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                                               June 13th, 1990
    It was probably, for most folks, another ordinary day.  It was a Wednesday ( I
remembered that, for some strange reason), a gallon of gas was about a buck and
a quarter,  Daddy Bush was president, and the #1 song on the pop charts was "It
Must Have Been Love" by somebody named 'Roxette'.  (I had to look that one up).  
The stock market had just cracked 3000.  I was 33, and dying.

Coming off a monumental drunk, I tried to stop.  Summoning up every ounce of
willpower I had, I tried to stop.  I might have made it till 11 AM or so.  
Holding on the the kitchen sink with both hands trying not to shake myself  to
pieces, I remember thinking "just one'll take the edge off".  9
shots later, I was feeling well enough to call a counselor I knew and tell her
what had happened.  She said "Go check yourself into detox and take a little
three-day vacation".  It was the first time I had ever called myself an
alcoholic.  It was the last drink I ever had.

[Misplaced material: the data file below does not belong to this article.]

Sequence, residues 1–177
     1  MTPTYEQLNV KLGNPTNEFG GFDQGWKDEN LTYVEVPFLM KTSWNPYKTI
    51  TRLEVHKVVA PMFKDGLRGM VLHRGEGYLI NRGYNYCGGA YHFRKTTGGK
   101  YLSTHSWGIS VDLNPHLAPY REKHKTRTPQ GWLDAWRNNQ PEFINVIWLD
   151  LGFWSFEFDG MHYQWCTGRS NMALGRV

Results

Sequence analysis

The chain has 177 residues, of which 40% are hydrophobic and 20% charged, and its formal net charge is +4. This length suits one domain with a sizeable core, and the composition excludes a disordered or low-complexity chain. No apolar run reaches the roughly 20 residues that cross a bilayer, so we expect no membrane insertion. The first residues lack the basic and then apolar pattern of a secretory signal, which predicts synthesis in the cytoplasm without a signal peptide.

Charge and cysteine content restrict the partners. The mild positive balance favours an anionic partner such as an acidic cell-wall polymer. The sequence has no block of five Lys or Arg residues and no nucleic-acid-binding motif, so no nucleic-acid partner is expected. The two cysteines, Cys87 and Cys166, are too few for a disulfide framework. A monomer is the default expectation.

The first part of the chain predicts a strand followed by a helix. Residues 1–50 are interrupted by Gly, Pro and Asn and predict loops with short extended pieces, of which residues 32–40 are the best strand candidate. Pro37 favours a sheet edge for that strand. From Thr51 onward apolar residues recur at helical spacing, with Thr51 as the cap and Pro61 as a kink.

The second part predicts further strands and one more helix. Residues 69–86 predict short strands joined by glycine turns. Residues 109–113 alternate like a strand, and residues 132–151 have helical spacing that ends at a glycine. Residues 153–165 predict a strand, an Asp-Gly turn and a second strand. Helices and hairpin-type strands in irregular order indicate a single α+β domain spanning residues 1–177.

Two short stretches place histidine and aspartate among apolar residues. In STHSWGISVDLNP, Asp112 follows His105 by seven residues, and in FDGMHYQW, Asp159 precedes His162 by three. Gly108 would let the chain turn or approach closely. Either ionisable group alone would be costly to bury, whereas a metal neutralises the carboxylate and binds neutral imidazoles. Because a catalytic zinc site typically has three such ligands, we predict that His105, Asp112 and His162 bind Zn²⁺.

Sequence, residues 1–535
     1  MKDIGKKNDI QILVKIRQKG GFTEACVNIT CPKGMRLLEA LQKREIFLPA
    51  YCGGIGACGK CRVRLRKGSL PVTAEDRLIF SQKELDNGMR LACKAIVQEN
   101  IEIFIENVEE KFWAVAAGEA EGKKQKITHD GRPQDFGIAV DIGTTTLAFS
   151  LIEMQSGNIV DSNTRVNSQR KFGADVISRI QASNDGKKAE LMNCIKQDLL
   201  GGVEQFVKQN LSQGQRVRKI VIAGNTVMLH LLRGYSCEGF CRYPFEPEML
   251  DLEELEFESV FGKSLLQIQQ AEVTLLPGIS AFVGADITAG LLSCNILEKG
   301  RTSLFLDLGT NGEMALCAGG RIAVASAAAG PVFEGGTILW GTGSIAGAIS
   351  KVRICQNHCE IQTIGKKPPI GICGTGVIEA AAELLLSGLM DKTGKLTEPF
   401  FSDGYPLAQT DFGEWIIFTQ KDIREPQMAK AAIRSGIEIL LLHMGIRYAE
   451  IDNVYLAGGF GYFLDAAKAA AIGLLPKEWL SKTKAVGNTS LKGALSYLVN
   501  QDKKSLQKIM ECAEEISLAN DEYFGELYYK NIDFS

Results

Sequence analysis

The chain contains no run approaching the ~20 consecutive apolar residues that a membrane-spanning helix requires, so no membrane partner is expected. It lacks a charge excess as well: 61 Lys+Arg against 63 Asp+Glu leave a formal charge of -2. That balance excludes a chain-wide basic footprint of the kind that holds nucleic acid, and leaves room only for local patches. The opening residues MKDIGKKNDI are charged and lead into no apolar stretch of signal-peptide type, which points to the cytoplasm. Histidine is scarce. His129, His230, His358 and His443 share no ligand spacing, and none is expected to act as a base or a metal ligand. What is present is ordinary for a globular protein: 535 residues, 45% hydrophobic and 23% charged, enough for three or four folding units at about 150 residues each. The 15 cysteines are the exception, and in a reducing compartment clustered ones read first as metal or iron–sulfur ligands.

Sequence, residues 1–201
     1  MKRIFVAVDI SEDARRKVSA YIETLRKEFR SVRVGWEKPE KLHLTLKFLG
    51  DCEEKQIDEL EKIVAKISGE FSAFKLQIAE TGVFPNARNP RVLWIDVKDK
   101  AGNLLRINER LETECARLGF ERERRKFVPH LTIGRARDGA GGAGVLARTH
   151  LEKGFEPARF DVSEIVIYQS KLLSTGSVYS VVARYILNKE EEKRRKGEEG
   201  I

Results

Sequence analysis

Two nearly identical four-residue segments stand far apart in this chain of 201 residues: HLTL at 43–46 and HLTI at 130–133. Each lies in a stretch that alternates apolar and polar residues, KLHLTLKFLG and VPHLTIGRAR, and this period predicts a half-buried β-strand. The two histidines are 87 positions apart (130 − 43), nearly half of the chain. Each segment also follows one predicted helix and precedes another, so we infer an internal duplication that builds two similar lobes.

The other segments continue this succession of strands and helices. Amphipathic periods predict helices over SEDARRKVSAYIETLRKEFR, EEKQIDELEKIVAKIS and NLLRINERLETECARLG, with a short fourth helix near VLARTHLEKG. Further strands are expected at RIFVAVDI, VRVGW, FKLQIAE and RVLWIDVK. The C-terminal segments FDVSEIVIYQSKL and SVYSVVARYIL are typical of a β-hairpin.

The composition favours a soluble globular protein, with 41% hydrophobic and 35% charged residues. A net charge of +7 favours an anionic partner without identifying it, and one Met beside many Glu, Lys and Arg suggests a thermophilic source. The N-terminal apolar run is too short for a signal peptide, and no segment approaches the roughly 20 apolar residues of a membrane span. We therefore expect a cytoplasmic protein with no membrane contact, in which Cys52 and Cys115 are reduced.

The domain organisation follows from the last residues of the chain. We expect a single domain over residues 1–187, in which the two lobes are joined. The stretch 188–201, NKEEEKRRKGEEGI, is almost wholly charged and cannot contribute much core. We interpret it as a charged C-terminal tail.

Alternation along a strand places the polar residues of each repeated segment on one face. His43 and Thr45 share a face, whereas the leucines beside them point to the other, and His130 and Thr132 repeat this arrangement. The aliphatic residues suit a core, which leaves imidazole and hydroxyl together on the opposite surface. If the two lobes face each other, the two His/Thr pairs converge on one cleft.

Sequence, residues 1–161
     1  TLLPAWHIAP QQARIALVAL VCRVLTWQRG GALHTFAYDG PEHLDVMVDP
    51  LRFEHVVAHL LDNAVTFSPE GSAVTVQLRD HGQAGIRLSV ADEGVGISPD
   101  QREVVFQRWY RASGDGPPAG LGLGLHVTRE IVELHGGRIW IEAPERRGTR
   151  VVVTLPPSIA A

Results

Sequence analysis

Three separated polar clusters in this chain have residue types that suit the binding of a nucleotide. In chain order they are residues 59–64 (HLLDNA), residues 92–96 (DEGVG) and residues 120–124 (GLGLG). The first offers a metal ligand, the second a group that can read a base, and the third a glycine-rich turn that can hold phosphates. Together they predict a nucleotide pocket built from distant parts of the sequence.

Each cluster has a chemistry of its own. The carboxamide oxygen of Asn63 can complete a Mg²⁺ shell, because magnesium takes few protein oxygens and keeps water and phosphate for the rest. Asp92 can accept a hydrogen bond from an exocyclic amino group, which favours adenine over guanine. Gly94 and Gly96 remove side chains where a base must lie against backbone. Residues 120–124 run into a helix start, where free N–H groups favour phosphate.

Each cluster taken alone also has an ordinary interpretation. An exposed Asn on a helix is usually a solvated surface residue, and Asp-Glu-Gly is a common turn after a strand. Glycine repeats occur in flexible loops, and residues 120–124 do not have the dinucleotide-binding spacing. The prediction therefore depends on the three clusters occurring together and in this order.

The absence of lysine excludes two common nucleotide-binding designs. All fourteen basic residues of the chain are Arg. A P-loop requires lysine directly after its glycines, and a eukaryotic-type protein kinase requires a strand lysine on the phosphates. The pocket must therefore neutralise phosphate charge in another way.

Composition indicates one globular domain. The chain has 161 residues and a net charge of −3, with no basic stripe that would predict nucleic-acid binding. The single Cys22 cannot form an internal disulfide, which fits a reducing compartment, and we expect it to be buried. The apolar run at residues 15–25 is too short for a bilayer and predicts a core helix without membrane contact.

I got a step or two in the door of the (now) Lakeview Center, got a whiff of the
place, turned around and left.  I had met a young physician who told me to come
see her if I ever needed anything, so I got on a bus and went to her office.  I
think she knew what was happening the moment she saw me.  She gave me a butt
full of B-12, something else to take care of the shakes, and told me to go home
and eat as much fat, sugar, and electrolytes as I could stand.

I detoxed, alone, on Gatorade and Oreo cookies.  Took about 3 days, "smoking
cigarettes and watching Captain Kangaroo".   I couldn't keep anything else down,
so I stuck with what was working.  Gatorade and Oreos.

I picked up a silver chip at the first meeting I attended (on Thursday night, at
St. Christophers on 12th Ave. in Pensacola).   Later that summer, when I made
amends to my Mother, I told her "I can't tell you I'm gonna be a good boy from
now on, and I can't tell you I'm not gonna do 'it' anymore.  I CAN tell you I'll
try to be the best I can be one day at a time".  I gave her my silver chip, and
told her if I ever decided I needed a drink I'd ask for it back.  She keeps it
in a little frame, on her nightstand,  next to her bed.  

For most folks, it was just an ordinary day.  Not for me.  My life began on June 13th, 1990.  It's going very well, thank you, One Day at a Time.  

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